An old story tells of a man who found a baby eagle and released it in his chicken coop. The eagle learned to scratch for corn and seeds, to strut like a rooster, and to sleep in the hen house. It soon decided that it must be a chicken.
Concerned that it had not learned to fly, the man repeatedly pitched the bird into the air. However, each time it fluttered to the ground and raced to the safety of the hen house. The man finally decided to return the eagle to its roots-- the high mountain where he first discovered the young bird.
As the young eagle surveyed his new surroundings, something awoke within him. A deep stirring told the bird it was made for the skies; it was created to soar over land and sea. It was born to be free. With wings outstretched, it took flight. That day it truly became an eagle.
Like the eagle we are born to be free. Because of God's grace extended to us at the cross, we have been delivered from the life of a cooped up chicken. But too often we are content with living in the chicken coop. Fenced in by fear or guilt, we never learn to soar. Guilt and fear cause us to live the life of a common chicken.
Perhaps some Christians have lived in the coop so long that they have decided they must really be chickens. They have resigned themselves to problems which could be soared above, if only they could remember who they are-- magnificent eagles. The hands of grace beckon us to flight, but our personal guilt draws us back to the chicken coop.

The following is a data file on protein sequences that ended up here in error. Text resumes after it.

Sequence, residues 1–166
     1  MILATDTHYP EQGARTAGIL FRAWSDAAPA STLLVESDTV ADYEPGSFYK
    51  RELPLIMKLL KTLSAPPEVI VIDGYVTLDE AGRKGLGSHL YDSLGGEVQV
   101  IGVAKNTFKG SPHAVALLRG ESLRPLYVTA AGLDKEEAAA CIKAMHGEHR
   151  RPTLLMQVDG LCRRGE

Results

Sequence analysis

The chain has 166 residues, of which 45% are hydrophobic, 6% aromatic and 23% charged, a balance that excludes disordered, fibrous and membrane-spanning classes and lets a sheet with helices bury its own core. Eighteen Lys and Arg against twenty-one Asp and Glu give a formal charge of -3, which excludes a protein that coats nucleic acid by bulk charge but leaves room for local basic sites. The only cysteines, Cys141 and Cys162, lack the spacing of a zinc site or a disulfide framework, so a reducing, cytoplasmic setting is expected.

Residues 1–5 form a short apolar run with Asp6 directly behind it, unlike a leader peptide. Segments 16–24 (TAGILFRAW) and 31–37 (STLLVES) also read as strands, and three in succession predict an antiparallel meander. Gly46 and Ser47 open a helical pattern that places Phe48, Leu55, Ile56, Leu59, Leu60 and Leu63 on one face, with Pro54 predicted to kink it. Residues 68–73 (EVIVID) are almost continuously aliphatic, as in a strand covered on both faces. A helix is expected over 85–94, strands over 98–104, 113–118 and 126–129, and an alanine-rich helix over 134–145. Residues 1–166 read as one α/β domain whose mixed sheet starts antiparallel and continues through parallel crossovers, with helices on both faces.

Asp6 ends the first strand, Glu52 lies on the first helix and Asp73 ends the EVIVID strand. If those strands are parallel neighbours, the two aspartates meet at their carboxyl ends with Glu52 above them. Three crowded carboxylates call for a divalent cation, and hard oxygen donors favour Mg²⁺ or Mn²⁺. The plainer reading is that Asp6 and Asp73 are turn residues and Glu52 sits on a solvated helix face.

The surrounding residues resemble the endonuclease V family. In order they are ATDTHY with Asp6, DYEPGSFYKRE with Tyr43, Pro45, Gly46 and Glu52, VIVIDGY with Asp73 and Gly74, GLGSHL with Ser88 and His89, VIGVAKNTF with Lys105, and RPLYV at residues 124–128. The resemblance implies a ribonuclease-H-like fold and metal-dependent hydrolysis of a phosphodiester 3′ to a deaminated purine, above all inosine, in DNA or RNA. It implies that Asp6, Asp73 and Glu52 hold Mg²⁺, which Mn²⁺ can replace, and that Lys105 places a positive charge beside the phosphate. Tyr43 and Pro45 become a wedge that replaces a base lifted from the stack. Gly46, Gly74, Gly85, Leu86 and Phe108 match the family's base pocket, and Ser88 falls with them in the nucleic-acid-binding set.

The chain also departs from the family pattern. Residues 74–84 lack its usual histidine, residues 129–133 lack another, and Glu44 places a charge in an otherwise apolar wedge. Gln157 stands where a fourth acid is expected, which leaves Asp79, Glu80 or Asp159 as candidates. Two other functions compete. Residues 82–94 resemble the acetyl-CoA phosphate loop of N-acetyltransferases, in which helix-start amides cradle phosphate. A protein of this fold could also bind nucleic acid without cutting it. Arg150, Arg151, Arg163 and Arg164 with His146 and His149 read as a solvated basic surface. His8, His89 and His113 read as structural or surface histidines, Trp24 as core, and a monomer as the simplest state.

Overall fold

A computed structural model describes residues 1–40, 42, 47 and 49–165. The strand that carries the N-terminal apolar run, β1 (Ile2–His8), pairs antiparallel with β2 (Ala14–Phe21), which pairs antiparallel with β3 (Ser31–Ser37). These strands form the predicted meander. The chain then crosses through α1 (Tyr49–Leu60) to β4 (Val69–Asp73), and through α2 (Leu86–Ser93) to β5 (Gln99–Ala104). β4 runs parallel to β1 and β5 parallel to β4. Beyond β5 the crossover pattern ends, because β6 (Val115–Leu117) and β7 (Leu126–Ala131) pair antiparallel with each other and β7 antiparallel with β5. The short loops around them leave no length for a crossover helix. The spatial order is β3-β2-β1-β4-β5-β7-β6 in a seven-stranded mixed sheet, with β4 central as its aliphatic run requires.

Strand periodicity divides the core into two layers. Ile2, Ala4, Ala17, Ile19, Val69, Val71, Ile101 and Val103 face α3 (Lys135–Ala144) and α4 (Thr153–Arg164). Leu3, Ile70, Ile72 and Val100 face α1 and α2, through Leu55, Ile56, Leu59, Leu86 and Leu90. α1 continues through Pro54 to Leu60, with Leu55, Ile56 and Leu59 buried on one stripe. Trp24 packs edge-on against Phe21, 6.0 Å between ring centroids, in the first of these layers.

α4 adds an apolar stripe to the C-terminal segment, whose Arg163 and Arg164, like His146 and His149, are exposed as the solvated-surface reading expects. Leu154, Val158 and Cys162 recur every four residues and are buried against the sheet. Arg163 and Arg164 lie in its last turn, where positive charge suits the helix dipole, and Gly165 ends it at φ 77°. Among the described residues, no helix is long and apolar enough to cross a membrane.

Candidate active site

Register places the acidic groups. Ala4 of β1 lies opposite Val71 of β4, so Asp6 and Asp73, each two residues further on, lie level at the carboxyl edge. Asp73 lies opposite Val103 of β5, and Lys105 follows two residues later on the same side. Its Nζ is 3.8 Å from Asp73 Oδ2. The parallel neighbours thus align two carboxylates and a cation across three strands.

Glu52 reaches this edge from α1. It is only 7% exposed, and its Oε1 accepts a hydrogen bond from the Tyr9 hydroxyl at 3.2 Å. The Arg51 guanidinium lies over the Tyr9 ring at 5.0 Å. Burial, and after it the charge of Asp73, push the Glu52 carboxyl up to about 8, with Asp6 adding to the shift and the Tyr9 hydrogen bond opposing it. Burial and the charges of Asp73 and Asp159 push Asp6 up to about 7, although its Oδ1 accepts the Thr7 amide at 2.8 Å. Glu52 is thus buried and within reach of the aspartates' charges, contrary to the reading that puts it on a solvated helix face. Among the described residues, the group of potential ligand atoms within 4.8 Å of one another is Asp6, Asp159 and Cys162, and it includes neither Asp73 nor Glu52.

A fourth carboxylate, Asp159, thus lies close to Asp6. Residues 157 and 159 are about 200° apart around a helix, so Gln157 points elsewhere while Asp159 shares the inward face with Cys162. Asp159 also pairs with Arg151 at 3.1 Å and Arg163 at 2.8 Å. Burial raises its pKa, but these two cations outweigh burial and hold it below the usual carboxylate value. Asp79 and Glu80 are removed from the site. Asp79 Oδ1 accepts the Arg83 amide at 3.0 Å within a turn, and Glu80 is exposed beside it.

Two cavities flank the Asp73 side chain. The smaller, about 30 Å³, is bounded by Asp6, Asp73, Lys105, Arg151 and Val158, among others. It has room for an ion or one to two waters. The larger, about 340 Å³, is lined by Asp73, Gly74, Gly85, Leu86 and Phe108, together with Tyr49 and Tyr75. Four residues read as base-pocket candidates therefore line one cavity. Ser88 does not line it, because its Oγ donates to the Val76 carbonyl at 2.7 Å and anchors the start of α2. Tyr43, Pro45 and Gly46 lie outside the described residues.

Julia Johnston, in that classic hymn, "Grace Greater Than Our Sin," writes it well:
Sin and despair, like the sea waves cold, threaten the soul with infinite loss; Grace that is greater-yes, grace untold- points to the refuge, the mighty cross.
The Apostle Paul made it clear that we who are "in Christ" are a new creation (II Corinthians 5:17). Implicit in that declaration is that fact that we have a new identity "in Christ." We are no longer related to Adam and our fallen state, but we are now new in Christ with a new capacity in Christ. We have been reborn to soar.
I am always amazed by the Apostle Paul's prayer in Ephesians 1 in which he states:
I pray that the eyes of your heart may be enlightened, so that you will know what is the hope of His calling, what are the riches of the glory of His inheritance in the saints...
It is a profound statement. While we are told in other places in the New Testament that we are "heirs with Christ," here the Apostle Paul prays that our eyes might be opened to see just who we are in Christ. One might say he prays that we might see ourselves as eagles and not chickens.
I believe the Lord desires to set us free to soar as His children, as we come to understand His grace more fully. When we do we will see ourselves not as a chicken, but as an eagle!